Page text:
In a real sense, I try to target cultural history because art can either empower or disempower. It empowers by letting the viewer have their own being as a foundation – their own complete history. It disempowers by making the viewer feel unprepared; not able to participate. So I tried to communicate to all viewers that they are perfect.

I tried to use materials such as porcelain to bring up sexual tension. One of the things that make people feel most insecure about themselves, and not have self acceptance, is sexuality. So I tried to use porcelain for the aspect of their own discovery of their bodies, which generally takes place in the bathroom. So you have this play with porcelain. Which also alludes to an economic aspect of where they come in socially. Because today a material like porcelain is completely democratized. We all can have it, not just an emperor or a king.

GMC | FM:

Yes, we talked about this aspect when viewing “Banality”. Originally, porcelain was so rare and precious that it was used as a kind of currency between kings.

JK:

That’s right. So, that democratized quality, where even the bathrooms are coated in porcelain; the tub, the toilet, the urinal. So, “Banality” is very much about self acceptance.

And then, I have to say that “Celebration” wanted to take on much more the realm of the mythic, of communal history, of the archetype. It’s a turn going away from external coming back into the internal. It deals with the cyclical year, with time.

There are images, like a “Cracked Egg”, that can represent Easter. A “Hanging Heart” that can represent Valentine’s Day. “Tulips” represent Spring. “Party hats” might represent a birthday. There are aspects of one’s relation to the external world that’s past the self. It’s communal and towards the mythic. Like the “Balloon Dog”, which is also very equestrian; like the Trojan horse.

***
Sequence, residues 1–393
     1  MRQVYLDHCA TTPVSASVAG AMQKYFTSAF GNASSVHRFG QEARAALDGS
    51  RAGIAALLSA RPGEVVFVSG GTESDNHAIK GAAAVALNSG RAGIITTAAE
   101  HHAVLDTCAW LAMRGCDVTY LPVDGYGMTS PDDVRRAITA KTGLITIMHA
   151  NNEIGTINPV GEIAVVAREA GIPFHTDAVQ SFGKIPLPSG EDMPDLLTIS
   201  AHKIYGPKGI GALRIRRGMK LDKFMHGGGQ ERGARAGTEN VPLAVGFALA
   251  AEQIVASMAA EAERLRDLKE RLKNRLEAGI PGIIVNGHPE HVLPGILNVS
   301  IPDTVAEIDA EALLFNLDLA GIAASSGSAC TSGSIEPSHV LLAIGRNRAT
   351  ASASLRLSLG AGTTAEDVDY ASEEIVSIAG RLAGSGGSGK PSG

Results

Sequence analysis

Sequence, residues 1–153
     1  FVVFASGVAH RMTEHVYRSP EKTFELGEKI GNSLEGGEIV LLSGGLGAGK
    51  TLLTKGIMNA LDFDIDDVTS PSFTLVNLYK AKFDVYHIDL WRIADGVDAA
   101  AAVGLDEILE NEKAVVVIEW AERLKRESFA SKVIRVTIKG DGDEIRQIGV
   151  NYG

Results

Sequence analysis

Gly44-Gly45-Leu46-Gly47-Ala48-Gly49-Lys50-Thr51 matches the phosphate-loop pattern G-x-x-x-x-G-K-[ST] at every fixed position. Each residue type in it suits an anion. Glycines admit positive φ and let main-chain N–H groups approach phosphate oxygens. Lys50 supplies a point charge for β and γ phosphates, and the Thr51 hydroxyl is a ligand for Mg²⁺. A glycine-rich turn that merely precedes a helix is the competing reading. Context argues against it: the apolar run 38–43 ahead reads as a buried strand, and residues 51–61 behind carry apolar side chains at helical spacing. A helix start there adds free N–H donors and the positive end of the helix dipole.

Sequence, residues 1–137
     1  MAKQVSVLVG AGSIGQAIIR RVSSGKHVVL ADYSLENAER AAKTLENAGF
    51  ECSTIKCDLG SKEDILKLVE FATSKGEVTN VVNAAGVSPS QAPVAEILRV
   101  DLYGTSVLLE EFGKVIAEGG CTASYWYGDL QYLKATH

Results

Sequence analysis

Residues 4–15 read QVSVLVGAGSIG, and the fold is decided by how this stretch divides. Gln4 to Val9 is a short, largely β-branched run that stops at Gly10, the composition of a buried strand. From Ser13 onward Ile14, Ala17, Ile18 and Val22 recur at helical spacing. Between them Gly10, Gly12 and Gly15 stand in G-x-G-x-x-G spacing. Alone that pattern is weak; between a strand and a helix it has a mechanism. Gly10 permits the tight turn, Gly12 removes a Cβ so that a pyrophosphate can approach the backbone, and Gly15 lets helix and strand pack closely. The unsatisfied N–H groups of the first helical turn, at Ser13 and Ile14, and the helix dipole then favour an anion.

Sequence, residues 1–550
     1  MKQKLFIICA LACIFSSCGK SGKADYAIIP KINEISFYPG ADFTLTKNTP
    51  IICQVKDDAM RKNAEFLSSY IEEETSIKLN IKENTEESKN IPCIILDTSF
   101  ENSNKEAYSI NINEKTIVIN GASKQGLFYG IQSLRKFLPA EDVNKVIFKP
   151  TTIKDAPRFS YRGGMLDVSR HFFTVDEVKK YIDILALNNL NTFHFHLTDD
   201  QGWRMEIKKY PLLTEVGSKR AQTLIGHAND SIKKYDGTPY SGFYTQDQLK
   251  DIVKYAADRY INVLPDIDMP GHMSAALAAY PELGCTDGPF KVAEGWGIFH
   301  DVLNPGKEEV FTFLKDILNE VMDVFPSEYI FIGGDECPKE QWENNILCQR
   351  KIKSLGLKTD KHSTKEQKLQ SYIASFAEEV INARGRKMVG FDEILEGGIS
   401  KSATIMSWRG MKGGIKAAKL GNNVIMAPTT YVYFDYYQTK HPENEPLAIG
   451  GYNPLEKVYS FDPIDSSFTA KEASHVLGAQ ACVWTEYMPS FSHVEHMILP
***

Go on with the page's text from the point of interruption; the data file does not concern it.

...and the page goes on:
Here at Beyeler I end with a hybrid which is the “Ballon Swan”, which wasn’t originally “Celebration.” I made “Celebration” from 1994 to 2000. I conceived the work in 1994 and everything was designed within a two year time period.

“Ballon Swan” is a piece that is much more Paleolithic. It’s like a totem with a sexual harmony that becomes both masculine and feminine; then completely feminine.

And I have to say that Picasso had a force of understanding objective art. Coming to a realization of trust in the intuitive, and trying to achieve ones freedom of gesture in life to open myself up to physical gesture again. Because the Duchampian dialogue really limited a whole generation from the physicality of internal life.

GMC | FM:

That’s perfect. Thank you so much. That’s exactly the direction we wanted our exchange of ideas of go!

JK:

I am glad it worked out.

—–

Jeff Koons at Fondation Beyeler, Photo Gallery: http://www.collectortribune.com/2012/06/27/photo-gallery-jeff-koons-the-fondation-beyeler/

For further information:

FONDATION BEYELER
Baselstrasse 101
CH-4125 Riehen / Basel
Switzerland

http://www.fondationbeyeler.ch/en

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4 Responses to "Conversation with Jeff Koons"

  1. What a load of bullshit! Koons is not exactly in the same class as Kierkegaard (NOT Kirkegaard!) & Sartre. Koons is in kindergarten…

    • The Collector Tribune says:

      Thanks for the spelling note! We actually did not want to compare Koons with Kierkegaard or Sartre. Nevertheless kindergartens are fun places!

  2. Bill Vielehr says:

    Does Koon’s real visual inspiration come from looking at Communication Arts Magazine? HIs work looks like it was done by graphic designers for advertisements.

  3. You’re welcome. Kindergarten might be fun if you’re a kid, but if you’re an adult..?!?
    Is it true that Koons worked at Wall Street before he became an “artist”?